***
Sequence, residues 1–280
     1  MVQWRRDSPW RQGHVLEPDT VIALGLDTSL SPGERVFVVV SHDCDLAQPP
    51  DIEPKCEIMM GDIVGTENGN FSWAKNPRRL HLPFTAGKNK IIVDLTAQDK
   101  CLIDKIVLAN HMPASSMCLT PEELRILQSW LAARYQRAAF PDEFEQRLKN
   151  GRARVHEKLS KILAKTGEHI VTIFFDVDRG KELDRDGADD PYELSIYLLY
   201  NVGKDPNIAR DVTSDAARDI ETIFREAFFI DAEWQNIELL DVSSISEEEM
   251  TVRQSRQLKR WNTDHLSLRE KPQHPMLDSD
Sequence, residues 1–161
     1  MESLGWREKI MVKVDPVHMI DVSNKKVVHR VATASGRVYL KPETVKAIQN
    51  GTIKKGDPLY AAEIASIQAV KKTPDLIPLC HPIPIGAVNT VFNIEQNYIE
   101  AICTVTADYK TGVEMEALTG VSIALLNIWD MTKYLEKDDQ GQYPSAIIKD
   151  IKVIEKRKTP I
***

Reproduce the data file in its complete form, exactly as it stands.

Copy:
Sequence, residues 1–280
     1  MVQWRRDSPW RQGHVLEPDT VIALGLDTSL SPGERVFVVV SHDCDLAQPP
    51  DIEPKCEIMM GDIVGTENGN FSWAKNPRRL HLPFTAGKNK IIVDLTAQDK
   101  CLIDKIVLAN HMPASSMCLT PEELRILQSW LAARYQRAAF PDEFEQRLKN
   151  GRARVHEKLS KILAKTGEHI VTIFFDVDRG KELDRDGADD PYELSIYLLY
   201  NVGKDPNIAR DVTSDAARDI ETIFREAFFI DAEWQNIELL DVSSISEEEM
   251  TVRQSRQLKR WNTDHLSLRE KPQHPMLDSD
Sequence, residues 1–161
     1  MESLGWREKI MVKVDPVHMI DVSNKKVVHR VATASGRVYL KPETVKAIQN
    51  GTIKKGDPLY AAEIASIQAV KKTPDLIPLC HPIPIGAVNT VFNIEQNYIE
   101  AICTVTADYK TGVEMEALTG VSIALLNIWD MTKYLEKDDQ GQYPSAIIKD
   151  IKVIEKRKTP I